The further information is written interleaved into the second number of data segments of the data block, which second number of data segments remained non-inscribed during said first phase of writing. The fact that correction bits are added to said further information offers the possibility for correcting errors in this further information. Because the further information is also written interleaved into the second number of data segments, the effect of an error burst in the first data segments of the second number of data segments is distributed over the whole sector, so that such an error burst is reduced to an error. An error at the level of a short data subsegment can be corrected by means of the added error correction bits.
The present invention relates also to a device for writing information according to the method of the invention, said device comprising a memory for loading and temporarily storing in said first sequence of first data segments the information to be written into said sector, a write means having an input connected to an output of said memory for receiving said information, said write means being provided for executing said writing in a bit serial sequence into said record carrier body.
Because the exact meaning of the terms "sector" and "data block" is not unambiguously defined in literature, the meaning of these terms as used herein is defined below.
Sector: the record carrier body comprises at least one track. A track comprises at least one sector. A sector contains space for the writing of information. This space is divided into a synchronization area (HD) and a data field (DTV). Each sector contains a number of bytes. The number of bytes per sector is not necessarily the same for each sector. The synchronization area (HD) contains organization information, for example, the track number, the sector address and synchronization signals. This organization information is customarily provided during the manufacture of the record carrier body. In the data field (DTV) there is space for information, for example, data information which can be provided by the user.
Data block: a data block contains a number of bytes. The user can write a data block in each sector. A data block contains, for example, the data information to be written, together with the associated error correction bits. When the organization information has already been provided in the synchronization area of a sector during the manufacture of the record carrier body, a data block represents the content written into the data field of the sector.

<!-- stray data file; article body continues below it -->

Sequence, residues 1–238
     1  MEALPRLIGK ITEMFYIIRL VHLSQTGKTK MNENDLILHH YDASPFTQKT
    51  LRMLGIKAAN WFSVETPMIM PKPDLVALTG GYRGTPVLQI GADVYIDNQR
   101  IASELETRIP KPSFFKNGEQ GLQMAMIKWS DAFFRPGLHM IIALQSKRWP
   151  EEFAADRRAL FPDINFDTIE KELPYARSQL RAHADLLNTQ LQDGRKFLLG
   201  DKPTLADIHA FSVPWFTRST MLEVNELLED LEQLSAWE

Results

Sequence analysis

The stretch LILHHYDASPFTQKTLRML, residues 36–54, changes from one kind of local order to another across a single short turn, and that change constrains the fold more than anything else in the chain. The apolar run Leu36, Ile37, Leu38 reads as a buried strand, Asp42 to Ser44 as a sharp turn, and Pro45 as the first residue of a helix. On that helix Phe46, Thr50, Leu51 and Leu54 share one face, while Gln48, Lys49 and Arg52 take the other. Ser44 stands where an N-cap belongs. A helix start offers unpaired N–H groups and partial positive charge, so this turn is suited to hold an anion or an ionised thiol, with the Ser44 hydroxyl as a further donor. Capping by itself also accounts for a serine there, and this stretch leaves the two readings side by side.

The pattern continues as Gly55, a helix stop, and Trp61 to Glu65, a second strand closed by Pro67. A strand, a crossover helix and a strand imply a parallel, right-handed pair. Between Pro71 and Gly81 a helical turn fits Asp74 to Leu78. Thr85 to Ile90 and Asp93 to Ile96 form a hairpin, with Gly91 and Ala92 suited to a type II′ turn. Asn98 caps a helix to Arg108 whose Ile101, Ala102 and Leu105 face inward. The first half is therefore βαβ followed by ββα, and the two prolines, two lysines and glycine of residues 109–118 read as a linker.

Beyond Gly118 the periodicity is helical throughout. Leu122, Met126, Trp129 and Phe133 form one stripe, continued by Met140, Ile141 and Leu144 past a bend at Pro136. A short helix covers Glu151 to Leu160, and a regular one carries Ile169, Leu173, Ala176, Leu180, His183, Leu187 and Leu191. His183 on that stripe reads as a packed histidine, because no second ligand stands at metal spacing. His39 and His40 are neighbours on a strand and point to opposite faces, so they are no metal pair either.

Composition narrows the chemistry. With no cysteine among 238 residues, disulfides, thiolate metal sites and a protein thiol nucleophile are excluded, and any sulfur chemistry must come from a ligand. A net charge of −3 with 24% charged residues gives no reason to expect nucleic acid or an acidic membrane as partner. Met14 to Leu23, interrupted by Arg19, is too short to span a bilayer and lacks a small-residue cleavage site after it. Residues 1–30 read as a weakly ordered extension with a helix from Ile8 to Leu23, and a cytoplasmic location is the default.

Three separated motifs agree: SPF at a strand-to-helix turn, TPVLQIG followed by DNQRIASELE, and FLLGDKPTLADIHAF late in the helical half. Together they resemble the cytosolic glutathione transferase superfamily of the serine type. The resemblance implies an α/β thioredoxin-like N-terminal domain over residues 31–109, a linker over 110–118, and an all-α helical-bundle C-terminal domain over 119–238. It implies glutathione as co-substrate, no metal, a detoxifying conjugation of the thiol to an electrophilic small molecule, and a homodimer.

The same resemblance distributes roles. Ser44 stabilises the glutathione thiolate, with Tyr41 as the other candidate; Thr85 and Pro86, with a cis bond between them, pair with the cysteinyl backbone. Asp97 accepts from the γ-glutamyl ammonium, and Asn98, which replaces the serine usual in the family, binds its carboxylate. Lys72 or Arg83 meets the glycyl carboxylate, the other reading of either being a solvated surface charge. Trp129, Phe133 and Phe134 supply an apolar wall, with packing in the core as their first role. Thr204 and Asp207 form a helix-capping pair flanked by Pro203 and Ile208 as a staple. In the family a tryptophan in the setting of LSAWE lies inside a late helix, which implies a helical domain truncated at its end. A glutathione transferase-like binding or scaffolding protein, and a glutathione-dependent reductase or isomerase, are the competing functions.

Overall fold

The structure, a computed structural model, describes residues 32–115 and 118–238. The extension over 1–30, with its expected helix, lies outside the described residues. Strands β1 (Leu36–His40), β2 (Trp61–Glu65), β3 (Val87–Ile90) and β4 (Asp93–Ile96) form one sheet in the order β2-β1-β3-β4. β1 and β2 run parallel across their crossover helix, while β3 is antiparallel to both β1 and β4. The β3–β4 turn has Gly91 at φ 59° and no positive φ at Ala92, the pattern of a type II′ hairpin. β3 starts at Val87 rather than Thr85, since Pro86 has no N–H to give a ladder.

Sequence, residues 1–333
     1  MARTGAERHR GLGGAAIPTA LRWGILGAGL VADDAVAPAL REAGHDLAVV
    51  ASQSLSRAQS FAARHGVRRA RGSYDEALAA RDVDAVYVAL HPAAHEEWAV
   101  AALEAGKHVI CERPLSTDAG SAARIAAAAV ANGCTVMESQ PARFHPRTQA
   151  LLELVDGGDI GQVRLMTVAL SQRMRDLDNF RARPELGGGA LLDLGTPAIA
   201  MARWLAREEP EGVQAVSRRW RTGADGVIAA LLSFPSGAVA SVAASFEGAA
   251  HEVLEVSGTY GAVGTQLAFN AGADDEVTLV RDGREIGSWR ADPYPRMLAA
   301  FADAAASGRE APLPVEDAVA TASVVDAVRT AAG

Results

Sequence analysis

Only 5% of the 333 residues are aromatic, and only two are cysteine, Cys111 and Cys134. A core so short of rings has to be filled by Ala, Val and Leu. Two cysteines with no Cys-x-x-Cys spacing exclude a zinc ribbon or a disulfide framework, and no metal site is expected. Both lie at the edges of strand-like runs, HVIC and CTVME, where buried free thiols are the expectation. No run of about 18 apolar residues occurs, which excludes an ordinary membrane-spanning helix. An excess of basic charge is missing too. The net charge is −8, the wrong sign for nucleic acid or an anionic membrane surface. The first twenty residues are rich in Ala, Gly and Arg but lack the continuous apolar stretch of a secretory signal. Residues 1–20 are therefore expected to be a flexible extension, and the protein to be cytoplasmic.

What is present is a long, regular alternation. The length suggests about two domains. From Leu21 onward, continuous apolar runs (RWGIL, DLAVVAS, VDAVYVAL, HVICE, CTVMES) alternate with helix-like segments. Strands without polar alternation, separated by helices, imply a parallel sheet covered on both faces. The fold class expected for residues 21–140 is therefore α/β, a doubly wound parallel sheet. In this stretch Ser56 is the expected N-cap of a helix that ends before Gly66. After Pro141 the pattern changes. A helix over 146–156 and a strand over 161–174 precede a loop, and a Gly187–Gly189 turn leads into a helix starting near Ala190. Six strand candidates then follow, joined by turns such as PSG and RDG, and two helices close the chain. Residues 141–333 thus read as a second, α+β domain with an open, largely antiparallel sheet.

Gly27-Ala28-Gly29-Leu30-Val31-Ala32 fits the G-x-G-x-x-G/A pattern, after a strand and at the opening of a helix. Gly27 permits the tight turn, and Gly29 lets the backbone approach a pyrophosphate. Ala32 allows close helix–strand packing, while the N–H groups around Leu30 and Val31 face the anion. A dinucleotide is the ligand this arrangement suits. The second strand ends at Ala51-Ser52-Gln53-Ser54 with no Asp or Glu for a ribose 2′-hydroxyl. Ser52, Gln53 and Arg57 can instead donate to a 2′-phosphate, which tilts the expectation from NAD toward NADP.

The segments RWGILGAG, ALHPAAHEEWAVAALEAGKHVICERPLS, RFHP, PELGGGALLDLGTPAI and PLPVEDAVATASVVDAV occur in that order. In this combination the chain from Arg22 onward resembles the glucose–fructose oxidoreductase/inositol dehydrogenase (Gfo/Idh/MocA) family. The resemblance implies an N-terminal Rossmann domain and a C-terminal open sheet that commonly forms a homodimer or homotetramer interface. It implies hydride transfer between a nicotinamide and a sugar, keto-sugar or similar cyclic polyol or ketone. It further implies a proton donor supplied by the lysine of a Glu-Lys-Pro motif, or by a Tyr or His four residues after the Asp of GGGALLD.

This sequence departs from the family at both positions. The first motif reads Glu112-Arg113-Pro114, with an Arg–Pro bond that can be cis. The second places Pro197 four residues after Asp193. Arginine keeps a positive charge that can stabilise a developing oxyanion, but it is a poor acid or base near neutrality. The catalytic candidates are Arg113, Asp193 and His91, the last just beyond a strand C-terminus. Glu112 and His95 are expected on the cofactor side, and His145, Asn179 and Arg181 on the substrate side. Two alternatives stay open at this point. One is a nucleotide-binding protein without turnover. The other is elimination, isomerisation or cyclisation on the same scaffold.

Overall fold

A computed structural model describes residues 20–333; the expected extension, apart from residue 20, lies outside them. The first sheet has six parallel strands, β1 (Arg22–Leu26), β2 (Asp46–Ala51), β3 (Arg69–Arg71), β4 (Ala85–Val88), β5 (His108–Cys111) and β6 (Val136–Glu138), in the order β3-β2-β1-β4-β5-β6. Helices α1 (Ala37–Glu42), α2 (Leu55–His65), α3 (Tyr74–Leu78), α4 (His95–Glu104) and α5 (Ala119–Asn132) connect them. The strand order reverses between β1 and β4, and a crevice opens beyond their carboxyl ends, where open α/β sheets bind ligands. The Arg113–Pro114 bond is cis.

The invention will be described in detail hereinafter with reference to the accompanying diagrammatic drawings.
FIG. 1 shows an example of the lay-out of sector of a track.
FIG. 2 shows a device for writing data information and for reading organization information from an optical disc.
FIG. 3 shows an example of the intensity variation of the WRS beam in a sector.
FIG. 4 shows an example of a format of a data field of an optical disc.
FIG. 5 shows a device for writing and reading information onto and from record carrier body.
In the preferred embodiment a radiation-sensitive medium, referred to as an optical disc, is used as the record carrier body. Such a type of optical disc is described in U.S. Pat. No. 4,363,116. The optical disc comprises a servo track, one revolution being referred to as a track and each track being subdivided into a number of sectors.
FIG. 1 is analogous to FIG. 3 of U.S. Pat. No. 4,363,116 and shows an example of the lay-out of a sector (SCT) of a track. Such a sector is subdivided into a synchronization area (HD) and a data field (DTV). The synchronization area (HD) is intended for organization information inscribed during the manufacturing of the optical disc. The organization information contains inter alia the track number (SP), the sector address (SA) and also word and bit synchronization (Sync). The data field (DTV) is intended for the writing of the data block. A laser is used as a write means for writing data blocks in the optical disc.
FIG. 2 shows a device for writing data in the optical disc and for reading the organization information from such an optical disc. The beam of a laser (1) is incident on an acousto-optic modulator (2) which is controlled by the data signal (DS). The modulated laser beam (WRS beam) passes via a semi-transparent mirror (3) to the optical disc (5). The reflected beam (WRS beam) is directed to a control device (4) via the semi-transparent mirror.
FIG. 3 shows an example of the intensity variation of the WRS beam in a sector. The intensity is low when the beam is in the synchronization area (HD) of the sector. Because no data is written in the synchronization area, the beam serves as a read beam for the organization information which it transfers to the control device (4). The intensity of the WRS beam in the data field is determined by the modulated data signal.